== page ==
Pctrists investigated over complaints

Michael Bearsley argues that social media is driving the police complaints against his police director The mayor of Brampton says city officials have been “vindicated” by an independent review of complaints against his police…

Pctrists investigated over complaints

Michael Bearsley argues that social media is driving the police complaints against his police director

The mayor of Brampton says city officials have been “vindicated” by an independent review of complaints against his police director that found no evidence of professional misconduct.

“I am pleased that, with the recommendation of an independent review process, we have been vindicated. This is a strong statement that the actions of the Brampton Police Service have been monitored and they continue to be overseen and overseen and overseen,” Mayor Virginia Walby said.

However, Barbara Davis, the director of the city’s human resources department, said the review is not sufficient.

“While I know the members of the Brampton Police Service pride themselves on their independence, the independence of the commission’s review is narrow in scope and, therefore, is not enough to exonerate the Brampton Police Service from the allegations of professional misconduct,” Ms Davis said.

“Although the independent review provides the Brampton Police Service with a clear sense of how the commission has reached its conclusions, the Brampton Police Service has a duty of care to its members, which, without a broader framework of misconduct allegations, the Brampton Police Service will always be in a position to address.”

The independent review of the Commissioner’s Recommendations on Discrimination Against Women came about after complaints from women against a police officer.

The case prompted an internal review by the police officer, Jim Kerr, that was also conducted by an independent investigator.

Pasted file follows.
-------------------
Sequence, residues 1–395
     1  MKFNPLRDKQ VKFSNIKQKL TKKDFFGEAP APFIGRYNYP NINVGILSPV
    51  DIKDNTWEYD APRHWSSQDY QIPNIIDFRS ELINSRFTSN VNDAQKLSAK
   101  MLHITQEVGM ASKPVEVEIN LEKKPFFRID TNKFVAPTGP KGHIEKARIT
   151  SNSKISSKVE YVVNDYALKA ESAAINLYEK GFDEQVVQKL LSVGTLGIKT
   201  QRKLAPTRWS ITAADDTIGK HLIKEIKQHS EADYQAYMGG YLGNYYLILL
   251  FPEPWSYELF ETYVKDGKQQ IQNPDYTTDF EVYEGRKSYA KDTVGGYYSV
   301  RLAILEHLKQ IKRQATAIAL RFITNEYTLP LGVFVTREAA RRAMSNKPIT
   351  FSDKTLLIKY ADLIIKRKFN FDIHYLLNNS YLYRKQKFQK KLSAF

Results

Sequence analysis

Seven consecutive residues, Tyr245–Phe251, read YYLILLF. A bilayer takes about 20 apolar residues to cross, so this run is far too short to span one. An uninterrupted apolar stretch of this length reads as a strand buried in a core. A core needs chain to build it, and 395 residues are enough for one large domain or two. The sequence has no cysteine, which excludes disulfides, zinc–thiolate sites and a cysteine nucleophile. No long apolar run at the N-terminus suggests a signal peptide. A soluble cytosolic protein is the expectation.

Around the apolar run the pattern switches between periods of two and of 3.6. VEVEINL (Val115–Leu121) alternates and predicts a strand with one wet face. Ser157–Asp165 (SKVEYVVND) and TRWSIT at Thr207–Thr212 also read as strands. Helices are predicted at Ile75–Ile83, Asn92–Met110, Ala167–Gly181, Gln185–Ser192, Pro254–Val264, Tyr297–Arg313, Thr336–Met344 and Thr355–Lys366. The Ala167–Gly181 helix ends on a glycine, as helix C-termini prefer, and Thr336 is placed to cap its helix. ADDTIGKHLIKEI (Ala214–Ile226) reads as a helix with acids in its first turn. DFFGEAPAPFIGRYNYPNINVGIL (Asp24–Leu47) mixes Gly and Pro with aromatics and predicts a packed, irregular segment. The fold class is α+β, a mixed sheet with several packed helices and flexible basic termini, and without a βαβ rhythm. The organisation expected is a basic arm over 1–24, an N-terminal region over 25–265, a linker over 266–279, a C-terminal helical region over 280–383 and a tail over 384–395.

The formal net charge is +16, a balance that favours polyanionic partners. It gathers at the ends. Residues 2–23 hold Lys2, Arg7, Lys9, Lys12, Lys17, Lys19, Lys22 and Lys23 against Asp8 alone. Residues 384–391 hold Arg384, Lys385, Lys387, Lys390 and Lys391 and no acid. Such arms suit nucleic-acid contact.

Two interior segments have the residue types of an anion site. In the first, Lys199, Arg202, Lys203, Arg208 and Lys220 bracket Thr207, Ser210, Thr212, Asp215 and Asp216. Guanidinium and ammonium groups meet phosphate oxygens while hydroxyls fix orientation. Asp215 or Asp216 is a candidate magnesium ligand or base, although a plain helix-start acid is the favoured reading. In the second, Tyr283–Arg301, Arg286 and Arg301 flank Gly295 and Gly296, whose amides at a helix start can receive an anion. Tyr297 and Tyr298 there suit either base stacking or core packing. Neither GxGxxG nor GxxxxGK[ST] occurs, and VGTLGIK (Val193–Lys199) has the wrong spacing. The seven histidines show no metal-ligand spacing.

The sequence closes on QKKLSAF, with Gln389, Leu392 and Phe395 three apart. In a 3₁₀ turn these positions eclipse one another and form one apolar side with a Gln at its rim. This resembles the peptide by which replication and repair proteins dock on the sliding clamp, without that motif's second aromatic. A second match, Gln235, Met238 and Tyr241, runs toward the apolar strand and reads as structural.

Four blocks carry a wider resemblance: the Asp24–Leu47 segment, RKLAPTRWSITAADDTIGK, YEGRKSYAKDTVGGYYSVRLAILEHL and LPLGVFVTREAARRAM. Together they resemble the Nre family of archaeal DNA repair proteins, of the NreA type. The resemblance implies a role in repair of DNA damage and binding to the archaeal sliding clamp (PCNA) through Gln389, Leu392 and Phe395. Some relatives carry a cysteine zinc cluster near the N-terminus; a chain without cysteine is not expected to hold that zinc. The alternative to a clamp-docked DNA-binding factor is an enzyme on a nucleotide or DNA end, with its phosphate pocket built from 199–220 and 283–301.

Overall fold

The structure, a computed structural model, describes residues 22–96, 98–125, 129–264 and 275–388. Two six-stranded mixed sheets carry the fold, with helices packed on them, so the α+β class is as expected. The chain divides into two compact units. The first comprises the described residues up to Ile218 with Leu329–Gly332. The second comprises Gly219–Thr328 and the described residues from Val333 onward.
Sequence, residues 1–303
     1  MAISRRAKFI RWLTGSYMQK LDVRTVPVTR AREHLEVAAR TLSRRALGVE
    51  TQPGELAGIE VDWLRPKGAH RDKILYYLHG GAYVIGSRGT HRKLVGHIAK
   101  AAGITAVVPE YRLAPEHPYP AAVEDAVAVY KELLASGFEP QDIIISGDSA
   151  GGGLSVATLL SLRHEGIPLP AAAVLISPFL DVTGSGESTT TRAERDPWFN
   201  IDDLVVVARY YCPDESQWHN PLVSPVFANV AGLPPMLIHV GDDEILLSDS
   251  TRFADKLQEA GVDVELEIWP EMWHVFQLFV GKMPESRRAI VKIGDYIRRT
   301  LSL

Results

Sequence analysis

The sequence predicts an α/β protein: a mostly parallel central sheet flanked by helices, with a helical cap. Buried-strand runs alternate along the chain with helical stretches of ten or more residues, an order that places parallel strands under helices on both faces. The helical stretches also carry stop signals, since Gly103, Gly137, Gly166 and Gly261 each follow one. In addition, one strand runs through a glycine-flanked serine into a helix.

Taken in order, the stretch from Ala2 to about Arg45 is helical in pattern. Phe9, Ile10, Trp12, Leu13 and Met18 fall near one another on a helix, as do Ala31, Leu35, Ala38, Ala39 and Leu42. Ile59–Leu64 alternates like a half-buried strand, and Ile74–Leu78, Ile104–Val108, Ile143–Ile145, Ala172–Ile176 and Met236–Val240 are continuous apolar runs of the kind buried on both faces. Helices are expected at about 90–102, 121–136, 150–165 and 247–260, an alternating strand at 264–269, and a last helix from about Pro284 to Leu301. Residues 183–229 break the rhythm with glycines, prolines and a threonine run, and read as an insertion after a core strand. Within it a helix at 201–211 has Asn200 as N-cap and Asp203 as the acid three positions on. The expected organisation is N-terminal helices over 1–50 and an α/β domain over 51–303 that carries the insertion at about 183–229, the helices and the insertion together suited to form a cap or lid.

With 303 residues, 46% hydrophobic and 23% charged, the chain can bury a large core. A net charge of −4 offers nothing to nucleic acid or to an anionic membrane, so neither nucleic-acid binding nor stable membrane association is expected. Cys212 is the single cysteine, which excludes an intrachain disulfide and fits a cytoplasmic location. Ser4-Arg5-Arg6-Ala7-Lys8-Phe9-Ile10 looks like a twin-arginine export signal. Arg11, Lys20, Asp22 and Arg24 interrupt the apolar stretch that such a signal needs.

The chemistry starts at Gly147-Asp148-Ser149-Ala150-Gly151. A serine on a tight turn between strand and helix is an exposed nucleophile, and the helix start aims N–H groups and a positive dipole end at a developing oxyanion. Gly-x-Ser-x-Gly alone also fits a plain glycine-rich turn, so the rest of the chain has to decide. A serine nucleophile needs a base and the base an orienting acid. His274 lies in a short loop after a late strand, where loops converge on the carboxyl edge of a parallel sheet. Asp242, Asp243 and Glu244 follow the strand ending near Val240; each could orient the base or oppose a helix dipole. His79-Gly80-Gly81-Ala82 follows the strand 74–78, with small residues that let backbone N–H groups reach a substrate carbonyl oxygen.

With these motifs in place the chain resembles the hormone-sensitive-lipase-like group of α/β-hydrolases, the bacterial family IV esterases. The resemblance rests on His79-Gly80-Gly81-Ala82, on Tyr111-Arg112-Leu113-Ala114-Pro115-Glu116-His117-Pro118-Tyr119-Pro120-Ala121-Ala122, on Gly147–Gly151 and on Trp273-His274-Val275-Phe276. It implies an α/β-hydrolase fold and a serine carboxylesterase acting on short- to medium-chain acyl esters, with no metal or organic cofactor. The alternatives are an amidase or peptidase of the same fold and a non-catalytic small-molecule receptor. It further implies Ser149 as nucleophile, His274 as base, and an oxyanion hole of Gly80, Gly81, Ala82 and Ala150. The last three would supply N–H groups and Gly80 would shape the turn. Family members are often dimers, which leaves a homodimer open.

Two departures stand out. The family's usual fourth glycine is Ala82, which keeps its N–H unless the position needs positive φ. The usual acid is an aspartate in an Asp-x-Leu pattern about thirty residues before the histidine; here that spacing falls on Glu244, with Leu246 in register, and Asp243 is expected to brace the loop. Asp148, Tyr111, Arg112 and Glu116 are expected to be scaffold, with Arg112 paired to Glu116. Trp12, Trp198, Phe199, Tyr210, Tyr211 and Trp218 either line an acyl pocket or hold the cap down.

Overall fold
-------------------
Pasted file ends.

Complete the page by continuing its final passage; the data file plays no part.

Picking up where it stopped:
“The purpose of the external review, which included Dr. Paul Joy, was to determine whether there had been any breaches of a collective agreement and Ontario human rights legislation. It was to prevent such breaches from taking place in the future and to provide the police service with feedback, direction and recommendations,” said Ms Walby.

Ms Walby said there were no immediate grounds for complaint against the human resources director.

“But the findings of the commission do provide the Brampton Police Service with clarity on future cultural change and discipline and, most importantly, it is an opportunity to learn,” she said.

“There is a lot of work to be done.”

Mayor Virginia Walby was questioned about the scope of the independent review by the CBC.

CBC journalist Nick Koehler wanted to know why the review looked at the police employee and not her boss, Barbara Davis.

“Isn’t that the same human resources department, the one in charge of firing the police officer, the one in charge of disciplining the officer, of keeping police officers employed?

“And wasn’t that the people who complained against the employee?”

“Yes,” she said.

However, the mayor said it was the human resources manager’s job to review any complaints against the police officer and under the workplace conduct policy it was their job to resolve any allegations of professional misconduct against police officers.

“I understand your dilemma, but as you know, I am trying to make a very significant positive point for my community,” she said.

Leave a Comment